Nation states are left to manage the humanitarian crises that result from war, poverty, disease and desperation. They appeal to the institutions of the UN to assist but these institutions have no powerful global consensus or resources to enable real alleviation of suffering for the growing numbers of refugees and for the longer term solutions required. Solutions are band aids, transitory and inadequate.
War is fought for strategic advantage in the increasingly critical positioning for resources; water, food and energy.
The free flow of capital is essential for corporations and their nation state backers to ensure rapid
access to contested resources.
The casualty list grows daily.
The actions of political parties in Australia have been to outbid each other in the policies of human dumping in response to the human tragedy of boat refugees.
Boat people are portrayed as ‘queue jumpers’ but only a genuine refugee would be part of this queue. The reward for survival is banishment and imprisonment.
The scale of the problem is over hyped for political advantage and plays to the rhythm of ‘send them back to where they came from’. If this philosophy had consistent application over the years my family would have been banished back to Ireland and Scotland many generations ago.
Australia’s response to the refugee crisis is inhumane and racist.
A larger crisis is unfolding in Europe.
More than 300 Eritrean and Somali asylum-seekers drowned when their fishing boat caught fire and sank just half a mile from the island of Lampedusa, in the Mediterranean on October 3. An unknown child and a mother and the child she had just given birth to were three of the victims who were buried in vaults in the small cemetery of Piano Gatta near the city of Agrigento in Sicily, despite Italian Prime Minister Enrico Letta’s promise to hold a state funeral for the victims. The State funeral was of noble purpose until the reaction against survivors attending the funeral killed off the idea.
Then on October 11, at least 33 people died when their boat capsized between Malta and Lampedusa.
And on October 14, the Italian navy rescued about 370 migrants between Sicily and Libya. The Italian Government deployed ships, helicopters and unmanned drones to help avert further shipwrecks.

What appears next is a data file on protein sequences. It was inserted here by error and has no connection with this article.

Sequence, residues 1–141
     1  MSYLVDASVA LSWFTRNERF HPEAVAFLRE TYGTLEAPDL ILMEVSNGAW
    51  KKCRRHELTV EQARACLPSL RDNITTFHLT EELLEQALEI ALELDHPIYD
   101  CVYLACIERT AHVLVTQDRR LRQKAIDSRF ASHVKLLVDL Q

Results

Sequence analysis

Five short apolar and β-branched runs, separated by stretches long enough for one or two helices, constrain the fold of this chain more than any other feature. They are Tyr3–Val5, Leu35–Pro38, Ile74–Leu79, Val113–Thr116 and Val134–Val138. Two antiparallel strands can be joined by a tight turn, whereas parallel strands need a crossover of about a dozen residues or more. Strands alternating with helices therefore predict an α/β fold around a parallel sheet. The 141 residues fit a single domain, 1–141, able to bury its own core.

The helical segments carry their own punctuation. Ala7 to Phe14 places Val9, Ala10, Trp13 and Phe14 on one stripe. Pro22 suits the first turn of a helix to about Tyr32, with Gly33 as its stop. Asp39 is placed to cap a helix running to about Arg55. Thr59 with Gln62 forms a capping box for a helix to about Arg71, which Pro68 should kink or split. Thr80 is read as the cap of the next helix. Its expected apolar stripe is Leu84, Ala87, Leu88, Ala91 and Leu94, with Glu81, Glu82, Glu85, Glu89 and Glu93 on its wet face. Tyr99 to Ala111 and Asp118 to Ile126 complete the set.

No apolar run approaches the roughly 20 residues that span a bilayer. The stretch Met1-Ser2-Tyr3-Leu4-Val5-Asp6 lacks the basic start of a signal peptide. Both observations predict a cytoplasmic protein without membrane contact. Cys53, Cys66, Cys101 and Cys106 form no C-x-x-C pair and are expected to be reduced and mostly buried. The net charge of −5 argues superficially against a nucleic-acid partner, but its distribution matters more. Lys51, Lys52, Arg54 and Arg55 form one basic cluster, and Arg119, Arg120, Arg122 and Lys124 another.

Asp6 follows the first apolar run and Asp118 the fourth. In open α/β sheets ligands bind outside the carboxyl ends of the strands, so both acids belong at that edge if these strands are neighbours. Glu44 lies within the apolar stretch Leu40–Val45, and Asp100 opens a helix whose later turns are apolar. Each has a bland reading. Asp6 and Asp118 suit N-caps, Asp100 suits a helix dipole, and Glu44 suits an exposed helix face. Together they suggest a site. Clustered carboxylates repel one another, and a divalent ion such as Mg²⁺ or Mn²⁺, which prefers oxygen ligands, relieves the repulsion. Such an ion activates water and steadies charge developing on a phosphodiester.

Lampedusa, which lies southwest of Sicily and just 113 km from the coast of Tunisia, has been a stepping stone for migrants seeking a better life in Europe for two decades.
Now the Syrian civil war and unrest in Egypt and other Arab and African countries are fuelling the flow of refugees, many of whom have to pass through an increasingly unstable Libya. In Libya, not even the President is safe, evidenced by his recent temporary kidnapping.
The reception centre on Lampedusa, which is under Sicily’s administration, is now hosting four or five times its capacity.
Preventing the refugees from attempting the dangerous sea crossing may appeal to growing nationalist movements throughout Europe but it would intensify the humanitarian crisis. People would die in the Sahara desert or be captured, raped and mutilated by Libyan militias.
Politicians advocating for the free flow of capital are often the very same politicians who advocate a tough line on preventing refugees being granted asylum and resettlement in their country.
What would happen if Europe opened its borders to unrestricted access for people from Africa and the Middle East? We would get social upheaval, violence and chaos.
What happens to the Middle East and Africa when its nations open their borders to the free flow of capital and the competitive grab for resources. We get social upheaval, violence and chaos.